Someone submitted an AWESOME question to me:
There’s a comment on a book blog where an author commented about how book reviewers are more likely to work with or cover an author if she has a NYT Bestseller status or similar. This is the first time I’m hearing of such a thing. Is this true? Do book bloggers take bestseller status into consideration? Do you know if book reviewers in traditional media, e.g. magazines, do this?
It’s this comment that has my head scratching, btw: http://dearauthor.com/ebooks/do-the-bestseller-lists-need-recalibration/#comment-668455
This is such a great talking point! I think there are two sides to this: sales/exposure, and book bloggers. I’ll address both.
Having “best seller status” helps sales
If your book gets on a bestseller list, then all of a sudden you have a ton more exposure, and thus more sales! When people look to buy books, they obviously want good books, and more people try to narrow that down by clicking on “best sellers” categories or browse through Amazon’s “movers and shakers”. People often use this method to browse for books that are more likely to be good. it’s less overwhelming to deal with a small best seller list than to just browse through an entire genre.
So there’s no question about it that being on a best seller or “top picks” or “movers and shakers” list will help promote your book and thus encourage more sales.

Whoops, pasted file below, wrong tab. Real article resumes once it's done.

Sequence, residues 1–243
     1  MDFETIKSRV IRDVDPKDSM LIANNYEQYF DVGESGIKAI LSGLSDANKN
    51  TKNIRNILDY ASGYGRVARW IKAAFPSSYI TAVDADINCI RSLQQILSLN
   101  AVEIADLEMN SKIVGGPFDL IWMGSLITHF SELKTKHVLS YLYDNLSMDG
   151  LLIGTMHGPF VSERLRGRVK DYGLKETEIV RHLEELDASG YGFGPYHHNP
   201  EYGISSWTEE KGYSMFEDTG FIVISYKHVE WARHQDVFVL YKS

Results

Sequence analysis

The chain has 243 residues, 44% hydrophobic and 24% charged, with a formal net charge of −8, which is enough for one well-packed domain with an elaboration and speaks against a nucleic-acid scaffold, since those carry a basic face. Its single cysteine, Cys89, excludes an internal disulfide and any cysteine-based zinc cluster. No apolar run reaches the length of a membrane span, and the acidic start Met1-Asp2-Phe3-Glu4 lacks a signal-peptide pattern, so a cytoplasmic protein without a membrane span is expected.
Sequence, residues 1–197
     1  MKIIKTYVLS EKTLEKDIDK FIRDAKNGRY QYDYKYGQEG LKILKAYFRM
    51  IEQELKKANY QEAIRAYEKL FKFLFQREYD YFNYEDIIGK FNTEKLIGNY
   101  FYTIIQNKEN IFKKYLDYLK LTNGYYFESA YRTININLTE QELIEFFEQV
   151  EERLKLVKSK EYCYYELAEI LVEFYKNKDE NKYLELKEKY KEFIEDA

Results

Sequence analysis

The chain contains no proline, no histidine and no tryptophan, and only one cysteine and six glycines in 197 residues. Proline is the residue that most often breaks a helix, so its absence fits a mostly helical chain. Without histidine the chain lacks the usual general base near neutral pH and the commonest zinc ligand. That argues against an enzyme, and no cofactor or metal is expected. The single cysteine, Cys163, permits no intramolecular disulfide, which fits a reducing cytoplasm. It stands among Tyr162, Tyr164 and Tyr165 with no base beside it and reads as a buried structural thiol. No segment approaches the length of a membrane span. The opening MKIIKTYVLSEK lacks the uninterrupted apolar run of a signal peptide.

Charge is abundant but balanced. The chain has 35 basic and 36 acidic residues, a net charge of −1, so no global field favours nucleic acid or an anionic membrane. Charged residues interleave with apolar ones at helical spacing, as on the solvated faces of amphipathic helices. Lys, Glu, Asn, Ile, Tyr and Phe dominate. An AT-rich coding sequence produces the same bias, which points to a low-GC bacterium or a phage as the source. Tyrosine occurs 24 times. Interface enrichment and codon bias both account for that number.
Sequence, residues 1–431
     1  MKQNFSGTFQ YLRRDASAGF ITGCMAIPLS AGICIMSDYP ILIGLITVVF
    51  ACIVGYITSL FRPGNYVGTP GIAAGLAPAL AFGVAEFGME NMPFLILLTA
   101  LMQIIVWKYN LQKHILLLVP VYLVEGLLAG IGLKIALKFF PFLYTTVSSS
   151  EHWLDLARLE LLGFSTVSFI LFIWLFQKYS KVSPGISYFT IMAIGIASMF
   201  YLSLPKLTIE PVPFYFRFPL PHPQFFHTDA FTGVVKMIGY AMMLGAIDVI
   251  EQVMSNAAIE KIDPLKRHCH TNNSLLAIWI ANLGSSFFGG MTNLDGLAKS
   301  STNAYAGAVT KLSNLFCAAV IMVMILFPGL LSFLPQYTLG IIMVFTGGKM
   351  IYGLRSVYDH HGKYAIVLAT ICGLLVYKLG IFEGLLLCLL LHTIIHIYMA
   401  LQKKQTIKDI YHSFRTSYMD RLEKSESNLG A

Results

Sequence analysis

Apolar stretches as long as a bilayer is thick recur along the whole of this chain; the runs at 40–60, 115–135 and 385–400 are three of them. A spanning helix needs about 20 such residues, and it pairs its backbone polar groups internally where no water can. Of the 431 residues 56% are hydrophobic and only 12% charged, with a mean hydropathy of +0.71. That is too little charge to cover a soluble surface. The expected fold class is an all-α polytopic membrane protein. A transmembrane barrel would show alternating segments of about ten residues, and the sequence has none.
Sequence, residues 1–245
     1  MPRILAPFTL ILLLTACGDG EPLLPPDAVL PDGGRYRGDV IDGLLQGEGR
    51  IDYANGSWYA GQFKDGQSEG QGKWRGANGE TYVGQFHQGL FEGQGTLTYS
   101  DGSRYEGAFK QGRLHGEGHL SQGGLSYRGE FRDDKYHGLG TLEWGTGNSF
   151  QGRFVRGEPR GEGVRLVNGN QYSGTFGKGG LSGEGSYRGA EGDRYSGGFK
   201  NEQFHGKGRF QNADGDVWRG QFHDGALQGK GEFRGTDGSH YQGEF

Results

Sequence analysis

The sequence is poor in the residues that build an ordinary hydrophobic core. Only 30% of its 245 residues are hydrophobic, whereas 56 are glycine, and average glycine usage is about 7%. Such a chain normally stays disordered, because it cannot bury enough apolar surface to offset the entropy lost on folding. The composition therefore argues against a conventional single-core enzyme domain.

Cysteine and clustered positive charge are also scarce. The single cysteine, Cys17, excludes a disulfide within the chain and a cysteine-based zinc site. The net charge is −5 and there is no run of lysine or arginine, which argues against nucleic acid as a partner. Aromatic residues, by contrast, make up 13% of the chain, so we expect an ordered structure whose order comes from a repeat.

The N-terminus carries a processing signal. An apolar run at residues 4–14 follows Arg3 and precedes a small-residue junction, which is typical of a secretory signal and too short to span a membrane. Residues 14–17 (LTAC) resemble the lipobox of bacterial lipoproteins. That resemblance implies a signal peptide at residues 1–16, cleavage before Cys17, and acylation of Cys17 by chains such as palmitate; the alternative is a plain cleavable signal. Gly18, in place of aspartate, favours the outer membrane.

Working with bloggers and reviewers
I guess every blogger/reviewer is different, so I can’t speak for all of them. So what follows are my thoughts and opinions alone.
I don’t give two shits about best seller status
I’ve read best sellers that are absolutely shit. And I’ve read books that are totally off the radar that are AMAZING. I’ve come to learn that being a best seller doesn’t matter. Everyone has different tastes and opinions, some books are over hyped, some books are under appreciated, etc. I don’t even glance at what “lists” the book is on or what awards it has won. I care about two things alone:
- The synopsis: does the book sound good? Is it a story that appeals to me? Period. If the book sounds amazing or like something I’d enjoy, I’ll read it. If it doesn’t, then I won’t read it, even if it is a NYT best seller.
- What my friends think: I always read through my friends’ reviews before picking up a book. If they loved it, I’m more likely to give it a try. If they hated it, I’ll probably avoid it, even if the synopsis does make it sound amazing.